Saturday, June 15, 2024

Review: Thurrock Choral Society: Christmas Concert

By Richard Wade

THURROCK Choral Society’s decision two years ago to begin combining their autumn and Christmas concerts into one event has produced some interestingly mixed programmes, and this year’s seasonal concert, given at Thameside Primary School in Grays on Sunday 6th. December, was no exception. Indeed, it is difficult to do justice in a short review to such an intriguing variety of music.

It was an inspired idea to bring back the Bridgetower Trio, who made such an impression at the Society’s last summer concert, and whose highly accomplished pianist, Elspeth Wilkes, is the Society’s professional accompanist. Apart from their “solo” items, the trio also constituted a small orchestra to accompany choruses by Handel and Haydn, which otherwise would have had only keyboard accompaniment. One of the players was even persuaded to play a hand drum in the two medieval items: a nice touch!

Each half of the concert began strikingly with one of two settings of medieval verse, in medieval style, by the Australian singer and composer David Yardley. “A domusday we schull ysee”, a rousing piece on the appropriate Advent theme of the Second Coming of Christ, was sung with tremendous drive and bright tone, and I was impressed by the choir’s authentic pronunciation of the Middle English text.

As always, under the inspiring leadership of Musical Director Crispin Lewis, the choir coped extraordinarily well with the contrast between their large soprano and alto sections, and the small minority of male singers, producing a convincingly balanced sound throughout the evening.

Next in the programme came four choruses from Handel’s MESSIAH ,the first two setting Old Testament prophecy of the coming of The Messiah, the third, “For unto us a child is born”, marking the birth of Jesus, and the last setting the Gospel account of the appearance of the angels to the shepherds. The choir excelled in the exhilarating semiquaver runs contained in two of these numbers – Handel based this music on two Italian duets which he had already composed – striking a nice balance between complete detachment of the notes and unrelenting legato.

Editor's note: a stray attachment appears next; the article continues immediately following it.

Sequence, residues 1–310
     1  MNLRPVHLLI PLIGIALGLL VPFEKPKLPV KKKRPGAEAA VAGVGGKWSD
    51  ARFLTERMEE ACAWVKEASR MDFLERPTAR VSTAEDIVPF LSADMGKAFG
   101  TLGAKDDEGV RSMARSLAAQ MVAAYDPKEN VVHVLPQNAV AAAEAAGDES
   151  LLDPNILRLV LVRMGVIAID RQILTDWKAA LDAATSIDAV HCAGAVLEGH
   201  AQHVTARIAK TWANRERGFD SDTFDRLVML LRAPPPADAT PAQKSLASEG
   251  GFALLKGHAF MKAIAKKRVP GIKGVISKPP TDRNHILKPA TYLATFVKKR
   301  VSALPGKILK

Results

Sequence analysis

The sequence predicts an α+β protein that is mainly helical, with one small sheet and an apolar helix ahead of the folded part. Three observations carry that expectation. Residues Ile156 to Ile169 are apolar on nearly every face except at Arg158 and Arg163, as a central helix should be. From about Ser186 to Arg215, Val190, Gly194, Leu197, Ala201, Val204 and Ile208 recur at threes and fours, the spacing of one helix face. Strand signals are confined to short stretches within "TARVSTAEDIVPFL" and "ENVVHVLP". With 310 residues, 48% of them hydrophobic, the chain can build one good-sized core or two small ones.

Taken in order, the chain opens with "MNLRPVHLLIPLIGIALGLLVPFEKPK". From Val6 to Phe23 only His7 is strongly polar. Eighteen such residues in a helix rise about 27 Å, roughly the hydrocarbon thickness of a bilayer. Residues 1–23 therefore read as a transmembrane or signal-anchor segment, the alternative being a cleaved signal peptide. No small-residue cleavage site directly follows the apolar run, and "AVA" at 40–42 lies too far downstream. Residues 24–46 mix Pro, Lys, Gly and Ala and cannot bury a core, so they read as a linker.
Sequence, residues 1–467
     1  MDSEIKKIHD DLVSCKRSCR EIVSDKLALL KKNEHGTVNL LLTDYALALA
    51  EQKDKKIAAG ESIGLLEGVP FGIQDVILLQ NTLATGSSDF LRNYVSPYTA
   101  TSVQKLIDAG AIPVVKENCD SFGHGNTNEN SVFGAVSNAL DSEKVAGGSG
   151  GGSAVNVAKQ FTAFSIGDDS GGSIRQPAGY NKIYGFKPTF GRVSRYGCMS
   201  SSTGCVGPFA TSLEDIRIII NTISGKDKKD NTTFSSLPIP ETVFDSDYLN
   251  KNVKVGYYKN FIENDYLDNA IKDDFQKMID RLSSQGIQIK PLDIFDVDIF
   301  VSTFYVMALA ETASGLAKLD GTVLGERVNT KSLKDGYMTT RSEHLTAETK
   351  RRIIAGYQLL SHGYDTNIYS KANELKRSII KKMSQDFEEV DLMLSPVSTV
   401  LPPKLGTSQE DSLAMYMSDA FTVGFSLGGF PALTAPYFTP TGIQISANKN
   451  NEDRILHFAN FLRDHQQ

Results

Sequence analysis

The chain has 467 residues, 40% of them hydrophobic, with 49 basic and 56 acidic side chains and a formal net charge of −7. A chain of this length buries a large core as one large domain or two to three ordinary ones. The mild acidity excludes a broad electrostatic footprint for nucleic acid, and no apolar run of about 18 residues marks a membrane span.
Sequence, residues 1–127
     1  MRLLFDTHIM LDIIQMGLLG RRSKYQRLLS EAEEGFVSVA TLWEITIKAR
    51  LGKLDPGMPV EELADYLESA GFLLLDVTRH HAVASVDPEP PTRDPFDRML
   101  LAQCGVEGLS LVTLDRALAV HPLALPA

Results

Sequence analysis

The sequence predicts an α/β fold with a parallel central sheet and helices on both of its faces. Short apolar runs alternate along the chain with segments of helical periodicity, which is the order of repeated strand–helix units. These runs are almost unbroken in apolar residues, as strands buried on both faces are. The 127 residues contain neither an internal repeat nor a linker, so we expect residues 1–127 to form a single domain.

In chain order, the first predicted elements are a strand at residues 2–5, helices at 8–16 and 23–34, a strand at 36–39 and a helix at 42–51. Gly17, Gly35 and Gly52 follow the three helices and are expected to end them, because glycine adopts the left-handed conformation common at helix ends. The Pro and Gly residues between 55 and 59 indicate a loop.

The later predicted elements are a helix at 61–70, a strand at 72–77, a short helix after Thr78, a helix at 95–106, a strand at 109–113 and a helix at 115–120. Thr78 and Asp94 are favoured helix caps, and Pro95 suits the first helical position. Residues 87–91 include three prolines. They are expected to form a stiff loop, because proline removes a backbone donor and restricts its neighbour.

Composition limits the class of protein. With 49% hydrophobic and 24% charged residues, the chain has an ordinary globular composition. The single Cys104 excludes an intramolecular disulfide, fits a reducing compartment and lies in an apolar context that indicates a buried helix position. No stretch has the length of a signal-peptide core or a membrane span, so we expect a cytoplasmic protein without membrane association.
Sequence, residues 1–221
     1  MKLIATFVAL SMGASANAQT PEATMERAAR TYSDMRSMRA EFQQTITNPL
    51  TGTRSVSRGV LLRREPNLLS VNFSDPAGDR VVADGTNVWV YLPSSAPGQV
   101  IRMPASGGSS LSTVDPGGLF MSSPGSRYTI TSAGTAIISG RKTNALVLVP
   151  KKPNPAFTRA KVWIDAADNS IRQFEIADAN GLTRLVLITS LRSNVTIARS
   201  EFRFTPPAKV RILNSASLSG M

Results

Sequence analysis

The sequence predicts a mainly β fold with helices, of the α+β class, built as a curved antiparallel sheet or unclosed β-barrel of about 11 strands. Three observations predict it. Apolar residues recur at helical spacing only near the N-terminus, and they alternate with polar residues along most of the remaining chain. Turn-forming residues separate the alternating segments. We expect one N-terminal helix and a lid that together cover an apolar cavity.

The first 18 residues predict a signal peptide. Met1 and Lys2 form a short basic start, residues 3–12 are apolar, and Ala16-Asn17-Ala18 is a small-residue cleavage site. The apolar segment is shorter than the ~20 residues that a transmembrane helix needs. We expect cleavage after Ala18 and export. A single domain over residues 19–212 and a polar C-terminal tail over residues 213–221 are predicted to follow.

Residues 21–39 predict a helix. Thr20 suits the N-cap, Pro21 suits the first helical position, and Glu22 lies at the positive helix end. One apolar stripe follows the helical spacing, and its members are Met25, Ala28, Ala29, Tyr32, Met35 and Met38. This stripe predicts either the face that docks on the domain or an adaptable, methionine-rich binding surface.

The singers were constantly alive to the meaning of the words, and full marks go to the soprano section for their ensemble performance of the recitative introducing the last chorus. After this I can only hope that a “complete” performance of Handel’s most famous oratorio may be in the Society’s plans.

In complete contrast the first half ended with a glowing performance by the Bridgetower Trio of Beethoven’s Piano Trio in E flat, Op. 70 No.2 This four-movement work has, unusually, a rather fast set of variations in place of the expected slow movement. The minuet-like third movement contains some particularly sublime music, preceding a truly joyful finale. Frankly, I was bowled over by the quality of the playing, and audience reaction was again enthusiastic.

And the second half? David Yardley’s “Letabundus Exultet” sets a text partly in Latin and partly in Middle English – as often happened in the Middle Ages. Again it drew very rhythmic singing from the choir, who then gave us three choruses from Haydn’s great oratorio THE CREATION. Here, too, semiquaver runs were despatched with confidence and brio. In the final chorus, “The heavens are telling”, guest soprano Madeleine Ladell led a trio of mellifluous (but unnamed) singers, contrasting beautifully with the main chorus, as Haydn intended.

Returning to the Christmas theme, the choir then contributed a generally excellent performance of Benjamin Britten’s A Hymn to the Virgin, composed when Britten was only sixteen years old. It is no mean feat for an amateur choir to manage a sophisticated, unaccompanied piece for double chorus so well.

To bring the evening to a rousing conclusion, the Bridgetower Trio gave us some deliciously jazzy arrangements of Christmas favourites, and we were all invited to join in “Ding! Dong! Merrily on high”.

Thank you, Thurrock Choral Society, for a truly memorable evening.

Richard Wade


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